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UNIT

27

Commercial Ice Machines


temperatures between medium- and low-temperature ranges of about 10F with the ice at 32F. Most refrigeration applications use tube and fin evaporators and a defrost cycle to clear the ice buildup from the evaporator. Ice making is accomplished by accumulating the ice on some type of evaporator surface and then catching and saving it after a defrost cycle, commonly called the harvest cycle. Large commercial block ice makers use cans and freeze the ice in the cans. We will discuss only small ice-making equipment, such as found in commercial kitchens, motels, and hotels. These ice makers are usually of the package type. The power is supplied by a power cord, or in some cases wired directly to the electrical circuit, called hardwired. Some ice makers may be of the split system type with the condenser on the outside. Package ice machines store their own ice at 32F in a bin below the ice maker. This bin is refrigerated by the melting ice in the bin (which explains the storage temperature of 32F), so there is some melting; the hotter the day, the more melting. A drain must be provided for the melting ice and any water that may overflow from the ice-making process. Do not confuse an ice-making machine with an ice-holding machine such as those seen on the outside of a convenience store or service station. Ice-holding machines hold ice, usually in bags, at a temperature well below freezing. This ice is made and bagged at one location, and then stored and dispensed at the retail location. Most package ice makers are air cooled and must be located where the correct airflow across the condenser is maintained. Some package ice makers are water cooled and use wastewater systems in which the water is used to cool the condenser and then passes down the drain. Keep the installation of a package machine simple by following these steps: 1. Set and level the machine, much like a refrigerator. 2. Supply power, plug, or hard wire. 3. Provide a water supply. 4. Provide a drain for the ice bin. Package ice machines make two types of ice, flake ice and several forms of cube (solid) ice.

OBJECTIVES
After studying this unit, you should be able to describe the basic refrigeration cycle for ice flake machines. discuss basic troubleshooting for ice flake machines. state the purpose of the water fill system in an ice flake machine. explain the purpose of a flush cycle in an ice flake machine. state the purpose of a bin control in an ice flake machine. read and interpret ice production and performance charts for ice machines. describe how crescent-shaped ice is made. describe how cell-type ice cubes are made. explain the sequence of operation of an ice machine. describe the purpose of a harvest cycle in an ice machine. state the purpose of microprocessor controls in ice machines. explain what is meant by input/output troubleshooting for microprocessors. discuss the importance of water and ice quality in ice making. discuss the difference between cleaning and sanitizing an ice machine. define water filtration and treatment.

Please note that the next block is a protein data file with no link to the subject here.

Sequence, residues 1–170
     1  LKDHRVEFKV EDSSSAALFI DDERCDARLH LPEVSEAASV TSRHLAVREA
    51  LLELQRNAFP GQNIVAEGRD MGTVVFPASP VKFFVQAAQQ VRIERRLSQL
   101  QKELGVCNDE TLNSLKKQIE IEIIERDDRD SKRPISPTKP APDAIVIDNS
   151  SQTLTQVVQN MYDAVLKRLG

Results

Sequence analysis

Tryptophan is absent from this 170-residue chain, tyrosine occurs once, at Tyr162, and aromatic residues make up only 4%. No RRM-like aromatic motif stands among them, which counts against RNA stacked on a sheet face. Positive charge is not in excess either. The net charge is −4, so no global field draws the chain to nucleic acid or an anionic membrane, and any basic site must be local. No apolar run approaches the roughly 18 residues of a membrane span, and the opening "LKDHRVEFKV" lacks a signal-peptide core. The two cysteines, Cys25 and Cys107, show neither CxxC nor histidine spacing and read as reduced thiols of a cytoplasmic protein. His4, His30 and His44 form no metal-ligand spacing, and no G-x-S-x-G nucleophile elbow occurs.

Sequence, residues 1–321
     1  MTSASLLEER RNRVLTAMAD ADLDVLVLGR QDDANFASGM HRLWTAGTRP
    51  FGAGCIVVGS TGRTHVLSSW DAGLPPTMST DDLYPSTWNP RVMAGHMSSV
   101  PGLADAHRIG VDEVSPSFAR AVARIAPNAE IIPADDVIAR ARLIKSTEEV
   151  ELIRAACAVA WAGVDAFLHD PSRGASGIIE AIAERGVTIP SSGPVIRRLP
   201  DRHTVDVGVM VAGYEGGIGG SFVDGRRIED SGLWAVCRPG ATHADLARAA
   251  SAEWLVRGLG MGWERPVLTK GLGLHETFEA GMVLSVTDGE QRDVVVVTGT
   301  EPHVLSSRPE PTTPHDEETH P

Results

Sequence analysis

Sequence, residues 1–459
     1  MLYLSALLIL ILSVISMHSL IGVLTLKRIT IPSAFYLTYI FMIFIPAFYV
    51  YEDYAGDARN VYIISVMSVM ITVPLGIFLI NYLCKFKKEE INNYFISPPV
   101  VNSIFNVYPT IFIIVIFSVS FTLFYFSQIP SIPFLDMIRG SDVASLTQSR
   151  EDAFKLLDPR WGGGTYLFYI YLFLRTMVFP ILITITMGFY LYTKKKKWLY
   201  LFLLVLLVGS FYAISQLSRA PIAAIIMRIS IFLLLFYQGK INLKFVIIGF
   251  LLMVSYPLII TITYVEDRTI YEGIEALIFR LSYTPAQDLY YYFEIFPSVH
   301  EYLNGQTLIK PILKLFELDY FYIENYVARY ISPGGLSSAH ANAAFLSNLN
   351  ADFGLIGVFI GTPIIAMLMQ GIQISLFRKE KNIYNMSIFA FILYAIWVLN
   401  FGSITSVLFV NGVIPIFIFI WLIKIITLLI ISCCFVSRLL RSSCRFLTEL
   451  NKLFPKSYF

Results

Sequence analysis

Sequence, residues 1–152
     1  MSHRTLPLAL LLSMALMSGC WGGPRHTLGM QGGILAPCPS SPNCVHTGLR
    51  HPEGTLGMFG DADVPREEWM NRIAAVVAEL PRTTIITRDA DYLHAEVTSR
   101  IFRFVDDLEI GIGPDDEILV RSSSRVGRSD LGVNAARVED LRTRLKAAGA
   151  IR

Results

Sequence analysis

SAFETY CHECKLIST
Follow manufacturers instructions when using cleaning and sanitizing chemicals. Wear protective clothing and eyewear when handling cleaning and sanitizing chemicals. Be careful not to get your hands or clothes caught in any moving parts involving ice makers. A wet environment exists around ice machines. When servicing these machines, extra precautions must be taken to protect against electrical shock and slipping. Observe all electrical safety precautions. Be careful at all times and use common sense.

27.1 ICE-MAKING EQUIPMENT, PACKAGED TYPE


Ice making is accomplished in a temperature range that is somewhat different from the low-, medium-, or hightemperature refrigeration. The ice is made with evaporator
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27.2 MAKING FLAKE ICE


Flake ice is normally made in a vertical refrigerated cylinder surrounded by the evaporator on the outside. Flake ice is the very thin pieces of ice often seen in restaurants and vending machine cups. Some people prefer flake ice to solid forms of